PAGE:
Supporters of Mexican President Andres Manuel Lopez Obrador are expected to flood the streets of Mexico City on Sunday in a major show of political strength by the left-wing populist.
The rally comes as presidential hopefuls, including Lopez Obrador's allies, warm up for the race to replace him in 2024.
Two weeks after tens of thousands joined an opposition protest against his proposed electoral reform, Lopez Obrador plans to lead a pro-government march through the heart of the capital.
The aim is to celebrate the government's "transformation of Mexico" four years into his six-year term, Lopez Obrador told reporters.
"I invite all the people, all those who can attend," including government ministers and lawmakers, he said.
It will be the first such march led by a Mexican president in at least four decades, and possibly the biggest pro-government rally since Lopez Obrador took office in 2018, according to experts.
Lopez Obrador wants to "show muscle," Fernando Dworak, a political analyst at the Mexican Autonomous Institute of Technology, said.
"It was a serious mistake by the opposition to believe that the president can be beaten on the streets," he told AFP, referring to the November 13 anti-government protest.
Lopez Obrador enjoys an approval rating of nearly 60 percent, and few doubt his ability to draw a huge crowd on Sunday, when he plans to give a speech outlining his achievements in office.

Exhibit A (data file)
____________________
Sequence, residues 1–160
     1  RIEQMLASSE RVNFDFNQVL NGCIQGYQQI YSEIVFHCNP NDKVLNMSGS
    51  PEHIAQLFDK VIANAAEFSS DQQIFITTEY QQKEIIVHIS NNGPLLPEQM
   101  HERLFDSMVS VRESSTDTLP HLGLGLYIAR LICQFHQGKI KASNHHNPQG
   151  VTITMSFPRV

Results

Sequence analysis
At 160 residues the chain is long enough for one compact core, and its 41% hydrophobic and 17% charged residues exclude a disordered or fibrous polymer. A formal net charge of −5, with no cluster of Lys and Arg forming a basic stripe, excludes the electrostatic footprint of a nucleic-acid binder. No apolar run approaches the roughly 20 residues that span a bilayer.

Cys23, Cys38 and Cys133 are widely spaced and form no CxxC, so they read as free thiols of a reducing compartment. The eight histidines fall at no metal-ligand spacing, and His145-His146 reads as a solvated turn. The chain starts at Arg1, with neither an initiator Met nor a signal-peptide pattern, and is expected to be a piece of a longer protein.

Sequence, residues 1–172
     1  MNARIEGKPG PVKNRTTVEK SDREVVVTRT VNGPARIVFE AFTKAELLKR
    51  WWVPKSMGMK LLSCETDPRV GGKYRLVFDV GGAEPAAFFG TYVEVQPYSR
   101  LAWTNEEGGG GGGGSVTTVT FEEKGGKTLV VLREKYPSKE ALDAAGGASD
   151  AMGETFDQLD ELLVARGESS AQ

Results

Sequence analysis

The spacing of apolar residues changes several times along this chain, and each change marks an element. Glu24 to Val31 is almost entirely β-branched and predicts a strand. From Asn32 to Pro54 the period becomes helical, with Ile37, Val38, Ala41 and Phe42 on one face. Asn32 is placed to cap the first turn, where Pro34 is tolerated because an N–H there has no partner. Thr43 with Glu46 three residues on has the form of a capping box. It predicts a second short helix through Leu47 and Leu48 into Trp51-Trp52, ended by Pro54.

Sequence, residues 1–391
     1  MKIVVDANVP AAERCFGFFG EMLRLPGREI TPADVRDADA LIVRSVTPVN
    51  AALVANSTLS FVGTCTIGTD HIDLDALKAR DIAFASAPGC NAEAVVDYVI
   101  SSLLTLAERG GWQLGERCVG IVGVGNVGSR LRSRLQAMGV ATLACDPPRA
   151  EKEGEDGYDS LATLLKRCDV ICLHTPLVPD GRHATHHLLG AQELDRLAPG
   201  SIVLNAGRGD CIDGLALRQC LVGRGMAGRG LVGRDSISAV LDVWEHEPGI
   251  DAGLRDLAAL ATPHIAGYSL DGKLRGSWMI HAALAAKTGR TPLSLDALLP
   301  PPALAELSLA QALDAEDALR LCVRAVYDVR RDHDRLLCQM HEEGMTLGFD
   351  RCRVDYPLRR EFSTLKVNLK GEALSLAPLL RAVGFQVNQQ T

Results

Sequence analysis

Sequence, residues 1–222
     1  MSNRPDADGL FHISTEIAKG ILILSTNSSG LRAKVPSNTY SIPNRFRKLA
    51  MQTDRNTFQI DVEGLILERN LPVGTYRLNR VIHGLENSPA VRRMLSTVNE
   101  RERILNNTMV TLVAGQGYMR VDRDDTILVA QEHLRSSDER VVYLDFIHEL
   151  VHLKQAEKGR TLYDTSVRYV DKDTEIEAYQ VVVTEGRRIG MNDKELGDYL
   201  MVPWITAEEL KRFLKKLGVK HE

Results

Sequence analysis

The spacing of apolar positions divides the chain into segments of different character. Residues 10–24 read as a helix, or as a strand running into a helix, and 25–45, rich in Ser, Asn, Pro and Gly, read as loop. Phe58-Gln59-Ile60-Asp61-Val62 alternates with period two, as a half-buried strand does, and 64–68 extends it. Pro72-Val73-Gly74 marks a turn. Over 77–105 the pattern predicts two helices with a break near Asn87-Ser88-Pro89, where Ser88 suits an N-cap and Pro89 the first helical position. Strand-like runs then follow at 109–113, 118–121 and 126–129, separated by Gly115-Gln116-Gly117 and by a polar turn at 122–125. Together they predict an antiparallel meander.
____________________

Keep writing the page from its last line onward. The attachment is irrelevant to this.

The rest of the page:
Mexican presidents are barred from serving more than one term, and Lopez Obrador has ruled out trying to change the constitution to stay in office.
Even so, he is keen to see his Morena party hold onto power after he stands aside.
Two of Lopez Obrador's close allies and potential successors, Mexico City Mayor Claudia Sheinbaum and Foreign Minister Marcelo Ebrard, are expected to march alongside him.
Lopez Obrador knows "that in order for him to win elections he needs oiled machinery that works all the time," said Gustavo Lopez, a political scientist at Tecnologico de Monterrey, a Mexican university.
Opposition parties accuse Lopez Obrador of being an "authoritarian" populist who is "militarizing" the country by giving a greater role to the armed forces in both security and infrastructure projects.
His efforts to revamp the independent National Electoral Institute (INE) have proven particularly controversial.
Lopez Obrador alleges that the INE endorsed fraud when he ran unsuccessfully for the presidency in 2006 and 2012, before winning in 2018.
He wants the organization to be replaced by a new body with members chosen by voters instead of lawmakers and with a smaller budget.
Critics see the plan as an attack on one of Mexico's most important democratic institutions.
The reform would require support from at least two-thirds of lawmakers in Congress, and Lopez Obrador's political opponents have vowed to oppose the changes.